In 1954, 27 years after releasing the world's first truly waterproof watch, Rolex unveiled the Submariner at the Swiss Watch Fair. The watch was a stylish take on the timepieces created for naval divers during WWII and an instant hit. The timepiece's cogged bezel, minute markings, luminous geometric indexes, and a dark face - the design elements that have been passed down through several generations of dive watches - testified to the watch's role as a tool for a new generation of rugged aquanauts. Jacques Cousteau wore one while filming Le Monde Silent. Sean Connery wore one in Dr. No. Steve McQueen, who tried for years to make a movie about an underwater salvage expert, wore one constantly.
The Submariner popularized a business-first look that other brands could run with. Luxury watch companies across Europe and America released similar models throughout the sixties and by the early seventies Omega and Oficine Panerai had become internationally known for their depth-rated models. These masculine timepieces differed in an increasing number of ways, but they all shared an industrial aesthetic. And that's precisely why dive watches are now becoming ubiquitous in American board rooms. Unlike smart phones, which are a completely serviceable way to keep time, dive watches' outside reflect their mechanical inner workings. They are unapologetic machines for unapologetic men.
For connoisseurs and collectors, watchmakers’ eagerness to chase the trend is great news: Luxury houses find themselves pitted against specialty technical brands and vice versa. With designers setting their aquatic timepieces apart by introducing luxury elements, new materials, and fresh complications, a wave of memorable models is flooding the market.
Here are our favorites.
Seiko Prospex SUN019 Kinetic GMT Diver
Seiko announced at this year’s Baselworld horological confab that its Prospex line, long popular among Japanese divers and businessmen, would finally make its way to America. With the window on the side of the case display its inner case and an asymmetrical bezel cover, the SUN019 Kinetic GMT is the most striking of the lot. Seiko was aggressive with the phosphorescents so the watch lights up the dark. It also looks great with a navy suit.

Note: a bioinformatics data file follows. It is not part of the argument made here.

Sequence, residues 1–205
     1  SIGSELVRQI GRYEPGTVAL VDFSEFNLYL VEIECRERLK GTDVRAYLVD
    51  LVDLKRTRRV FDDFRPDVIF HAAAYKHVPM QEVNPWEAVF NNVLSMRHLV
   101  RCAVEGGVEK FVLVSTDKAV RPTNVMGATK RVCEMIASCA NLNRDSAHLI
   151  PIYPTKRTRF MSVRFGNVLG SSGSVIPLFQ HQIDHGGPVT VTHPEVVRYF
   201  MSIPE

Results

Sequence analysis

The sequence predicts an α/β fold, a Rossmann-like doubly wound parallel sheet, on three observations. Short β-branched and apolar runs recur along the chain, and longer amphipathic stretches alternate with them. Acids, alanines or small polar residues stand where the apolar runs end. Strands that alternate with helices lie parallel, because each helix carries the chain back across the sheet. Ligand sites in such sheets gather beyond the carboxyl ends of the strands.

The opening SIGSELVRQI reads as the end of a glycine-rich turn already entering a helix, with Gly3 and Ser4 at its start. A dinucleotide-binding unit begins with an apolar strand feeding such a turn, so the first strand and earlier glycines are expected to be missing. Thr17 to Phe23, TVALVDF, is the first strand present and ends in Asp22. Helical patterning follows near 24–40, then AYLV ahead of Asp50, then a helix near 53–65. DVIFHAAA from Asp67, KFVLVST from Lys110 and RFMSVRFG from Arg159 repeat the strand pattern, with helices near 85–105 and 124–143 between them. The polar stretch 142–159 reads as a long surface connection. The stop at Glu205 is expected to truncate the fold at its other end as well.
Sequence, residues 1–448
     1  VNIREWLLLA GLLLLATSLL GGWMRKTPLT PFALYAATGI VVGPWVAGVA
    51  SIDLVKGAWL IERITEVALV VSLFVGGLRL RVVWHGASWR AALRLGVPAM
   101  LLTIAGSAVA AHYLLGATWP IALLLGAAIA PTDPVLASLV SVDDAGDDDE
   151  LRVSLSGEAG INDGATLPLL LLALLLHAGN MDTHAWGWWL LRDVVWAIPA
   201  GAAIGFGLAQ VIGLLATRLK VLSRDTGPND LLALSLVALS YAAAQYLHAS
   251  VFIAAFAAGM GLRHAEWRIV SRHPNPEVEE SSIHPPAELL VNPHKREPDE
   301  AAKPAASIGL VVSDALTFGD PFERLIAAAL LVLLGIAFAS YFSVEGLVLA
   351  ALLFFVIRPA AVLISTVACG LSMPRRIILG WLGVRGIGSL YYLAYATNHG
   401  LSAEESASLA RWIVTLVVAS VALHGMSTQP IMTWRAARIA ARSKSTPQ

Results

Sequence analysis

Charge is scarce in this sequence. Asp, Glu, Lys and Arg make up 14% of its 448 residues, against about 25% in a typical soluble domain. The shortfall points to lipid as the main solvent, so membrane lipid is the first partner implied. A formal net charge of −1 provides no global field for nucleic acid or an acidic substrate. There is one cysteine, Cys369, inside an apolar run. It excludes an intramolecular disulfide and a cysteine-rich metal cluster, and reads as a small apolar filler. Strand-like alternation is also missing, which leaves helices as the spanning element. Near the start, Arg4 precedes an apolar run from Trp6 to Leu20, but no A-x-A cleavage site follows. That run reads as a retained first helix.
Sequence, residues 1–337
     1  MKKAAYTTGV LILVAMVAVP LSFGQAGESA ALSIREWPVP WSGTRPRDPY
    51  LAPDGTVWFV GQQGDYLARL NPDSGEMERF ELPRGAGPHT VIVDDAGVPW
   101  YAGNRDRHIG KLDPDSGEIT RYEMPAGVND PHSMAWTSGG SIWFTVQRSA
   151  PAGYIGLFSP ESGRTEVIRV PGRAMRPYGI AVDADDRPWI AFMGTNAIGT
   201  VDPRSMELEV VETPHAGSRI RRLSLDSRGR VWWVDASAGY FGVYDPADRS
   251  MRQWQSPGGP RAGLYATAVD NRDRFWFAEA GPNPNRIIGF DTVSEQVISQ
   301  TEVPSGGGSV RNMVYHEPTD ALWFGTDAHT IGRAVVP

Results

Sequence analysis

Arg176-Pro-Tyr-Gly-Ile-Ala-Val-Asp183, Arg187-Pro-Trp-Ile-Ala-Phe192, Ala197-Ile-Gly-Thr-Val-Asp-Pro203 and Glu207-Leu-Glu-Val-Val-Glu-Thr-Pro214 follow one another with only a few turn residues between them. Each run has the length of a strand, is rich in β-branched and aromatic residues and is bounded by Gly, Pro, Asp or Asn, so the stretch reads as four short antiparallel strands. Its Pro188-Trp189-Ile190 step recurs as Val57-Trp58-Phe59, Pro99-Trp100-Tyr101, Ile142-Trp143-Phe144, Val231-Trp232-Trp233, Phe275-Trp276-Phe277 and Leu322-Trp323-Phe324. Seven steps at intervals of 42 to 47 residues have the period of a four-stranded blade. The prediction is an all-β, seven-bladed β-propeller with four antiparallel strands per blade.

Maurice Lacroix Pontos S Diver
The high-end Swiss brand Maurice Lacroix took a vintage approach to the diver with its Pontos S, a stripped-down, bezel-free timepiece designed to withstand a mind-boggling 778 pounds per square inch and handle the helium in the decompression chambers used by professional divers. The watch pairs a simple face with a bulky case to excellent effect.
Cartier Caliber Dive Watch
The Parisian luxury brand got onboard with the aquatic trend this year, releasing its first dive watch, the Cartier Calibre GMT. The watch’s white-on-black-on-rose gold design plays with convention, adding roman numerals and filing the bezel cogs down to almost nothing. It may be good to 1000 feet, but this watch doesn’t say “diver” so much as it screams “executive.” There’s nothing wrong with that.
SAS Sea Legend
The five-year-old SAS Watch Company, a small operation out of County Wicklow, Ireland, designs watches with a surgical attention to detail and a clinical disdain for ornamentation. The Classic II, the brands most memorable piece, features a prominent jigsaw of a bezel set above a stainless steel cushion. The numbers are big. The band looks battle-ready. The first impression lasts.
Crepas Reserva “Banana Tribute”
The boutique Spanish brand’s tribute to the Omega “Banana” Seamaster 200, a colorful watchmaking milestone flaunted by swaggering French military divers in the fifties, is anything but subtle. A quarter of the bezel is red, the face is road-sign yellow, and the hour hand is comically oversized. It’s a serious watch for men who take diving – not themselves – seriously.